Steep Canyon Rangers at Walker Theatre for "Out in the Open" tour.
Steep Canyon Rangers spotlight their own music Friday, then return March 8 to back Steve Martin, Martin Short
The Steep Canyon Rangers had been a band for some nine years and had released five albums when they met Steve Martin and were selected by the comedian/ banjo player to be his backing band on a tour to promote Martin’s bluegrass album, the 2009 release “The Crow: New Songs for the 5-String Banjo.”
A decade later, the collaboration is still going strong, with the Steep Canyon Rangers having done several tours with Martin and played on two more Martin albums – the latest of which is last year’s “The Long- Awaited Album.” Several members of the Rangers also played on “Love Has Come for You,” the album Martin and Edie Brickell released in 2013.
Looking back, mandolin player Mike Guggino said the timing to start working with Martin was ideal for his group. The Steep Canyon Rangers – which also includes guitarist/singer Woody Platt, banjo player/ singer Graham Sharp, fiddle player Nicky Sanders, drummer Mike Ashworth and new bassist Barrett Smith (replacing Charles Humphrey III) — were established enough in the bluegrass world to be seen as a viable band on their own, but still in a place where an association with a big name like Martin would help them grow their audience – and not deflect too much attention away from their own career.
“I think if we had met him years later, it might not have been a good idea,” Guggino said “But I think we met him just at the right time when we were popular enough and good enough to be able to do the gig and bring some- thing to the table, but not so popular that it would have been a bad choice to not do our stuff. And it really did help boost our career, for sure.”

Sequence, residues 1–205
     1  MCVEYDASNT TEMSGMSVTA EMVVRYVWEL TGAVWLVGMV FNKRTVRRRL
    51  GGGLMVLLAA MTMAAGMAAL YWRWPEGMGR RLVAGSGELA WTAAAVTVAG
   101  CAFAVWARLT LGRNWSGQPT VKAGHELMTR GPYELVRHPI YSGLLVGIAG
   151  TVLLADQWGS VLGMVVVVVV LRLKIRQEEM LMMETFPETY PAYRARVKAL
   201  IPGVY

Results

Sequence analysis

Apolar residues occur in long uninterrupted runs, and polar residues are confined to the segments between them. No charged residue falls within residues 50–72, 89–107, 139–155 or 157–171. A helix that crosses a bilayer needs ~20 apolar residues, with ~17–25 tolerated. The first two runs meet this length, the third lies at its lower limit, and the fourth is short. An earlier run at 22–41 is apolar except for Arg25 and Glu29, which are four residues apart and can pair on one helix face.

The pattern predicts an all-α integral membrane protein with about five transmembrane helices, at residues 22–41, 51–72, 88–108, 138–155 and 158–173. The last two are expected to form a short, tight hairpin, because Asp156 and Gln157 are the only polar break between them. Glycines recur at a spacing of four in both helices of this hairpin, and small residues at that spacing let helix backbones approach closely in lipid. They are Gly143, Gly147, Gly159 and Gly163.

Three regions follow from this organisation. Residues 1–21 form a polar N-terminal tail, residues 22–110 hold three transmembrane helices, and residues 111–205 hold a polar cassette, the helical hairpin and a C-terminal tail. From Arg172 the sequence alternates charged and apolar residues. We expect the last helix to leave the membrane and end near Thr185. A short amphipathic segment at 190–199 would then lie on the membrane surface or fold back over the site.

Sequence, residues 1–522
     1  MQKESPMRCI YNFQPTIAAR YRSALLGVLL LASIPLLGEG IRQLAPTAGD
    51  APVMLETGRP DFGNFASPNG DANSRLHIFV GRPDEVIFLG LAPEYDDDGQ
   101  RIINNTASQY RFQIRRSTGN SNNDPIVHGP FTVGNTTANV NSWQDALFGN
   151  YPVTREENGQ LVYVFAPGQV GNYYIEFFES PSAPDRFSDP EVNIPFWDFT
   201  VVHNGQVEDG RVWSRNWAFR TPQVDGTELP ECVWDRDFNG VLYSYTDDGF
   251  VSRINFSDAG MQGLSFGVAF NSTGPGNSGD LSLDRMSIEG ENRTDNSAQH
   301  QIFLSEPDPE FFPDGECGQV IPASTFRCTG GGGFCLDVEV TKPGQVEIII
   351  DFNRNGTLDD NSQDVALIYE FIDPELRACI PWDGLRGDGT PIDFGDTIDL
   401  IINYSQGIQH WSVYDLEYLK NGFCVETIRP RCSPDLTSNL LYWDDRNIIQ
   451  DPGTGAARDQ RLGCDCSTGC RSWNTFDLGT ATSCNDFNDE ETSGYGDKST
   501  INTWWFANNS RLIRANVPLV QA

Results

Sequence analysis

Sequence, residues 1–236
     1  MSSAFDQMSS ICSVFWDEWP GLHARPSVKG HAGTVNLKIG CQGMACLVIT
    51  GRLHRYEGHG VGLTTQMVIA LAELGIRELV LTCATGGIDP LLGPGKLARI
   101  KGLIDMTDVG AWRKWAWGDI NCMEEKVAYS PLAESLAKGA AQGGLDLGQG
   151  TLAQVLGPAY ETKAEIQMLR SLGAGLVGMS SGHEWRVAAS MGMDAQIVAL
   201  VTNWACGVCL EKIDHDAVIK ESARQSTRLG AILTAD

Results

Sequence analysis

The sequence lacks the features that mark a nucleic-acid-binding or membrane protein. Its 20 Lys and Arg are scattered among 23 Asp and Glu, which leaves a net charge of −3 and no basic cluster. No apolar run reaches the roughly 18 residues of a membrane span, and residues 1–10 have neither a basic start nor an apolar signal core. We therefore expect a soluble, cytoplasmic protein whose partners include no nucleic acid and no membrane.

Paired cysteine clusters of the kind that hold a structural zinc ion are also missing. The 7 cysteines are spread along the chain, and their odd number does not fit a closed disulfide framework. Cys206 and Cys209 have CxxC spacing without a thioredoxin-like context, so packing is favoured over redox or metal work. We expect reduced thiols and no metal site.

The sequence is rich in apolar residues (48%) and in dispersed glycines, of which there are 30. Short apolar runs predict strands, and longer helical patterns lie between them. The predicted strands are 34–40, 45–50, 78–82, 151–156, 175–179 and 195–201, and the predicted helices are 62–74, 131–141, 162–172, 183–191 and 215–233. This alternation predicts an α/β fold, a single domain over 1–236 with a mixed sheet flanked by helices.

The Steep Canyon Rangers continue to make albums and do their own shows between touring and recording commitments with Martin. The group has just released its 10th studio album, “Out in the Open,” and are spending this winter and spring playing a mix of their own headlining dates and shows. They also serve as backing band for Martin and fellow comedian Martin Short, whose show will stop in Memorial Auditorium March 8.
For “Out in the Open,” the group worked with a noted producer who isn’t from the bluegrass world: Joe Henry. Henry proposed a recording approach rarely used these days. He wanted the Steep Canyon Rangers to record completely live, including vocals, with no overdubbing.
Guggino said the band knew that could be a challenge.
“You’ve got to get every solo, every little backup lick, every harmony vocal, and you all have to do it at the same time, and if somebody messes up, the whole take is gone,” he explained.
But it turned out to be an effective way to record the songs, capturing the energy and f ire of the group’s live show.
What also helps “Out in the Open” is that the band’s songwriting is strong throughout the dozen songs.
The album continues the Steep Canyon Rang- ers’ move toward a broader acoustic sound that, while rooted in bluegrass, draws from other genres. Highly melodic tunes like the easy- going “Farmers And Pharaohs” and “Roadside Anthems” are as much pop and Americana as any other genre. The title song, a harmonica-spiced track, leans oldtime country, and even songs that have a good bit of bluegrass (“Let Me Out Of This Town” and “Love Harder”) have r i cher melodies than one might expect in that genre.
Guggino said the band is so pleased with “Out in the Open” that they are playing the entire album during their headlining shows, while selections from their previous couple of albums fill out the rest of the set.
“Our style has changed so much over the last few years, kind of evolved to where it is now, we just want to play more of the newer stuff that sounds like that than the older stuff that doesn’t have that same kind of vibe going on,” Guggino said.
Steep Canyon Rangers will play their new album, “Out in the Open,” in full during their show in Walker Theatre on Friday night.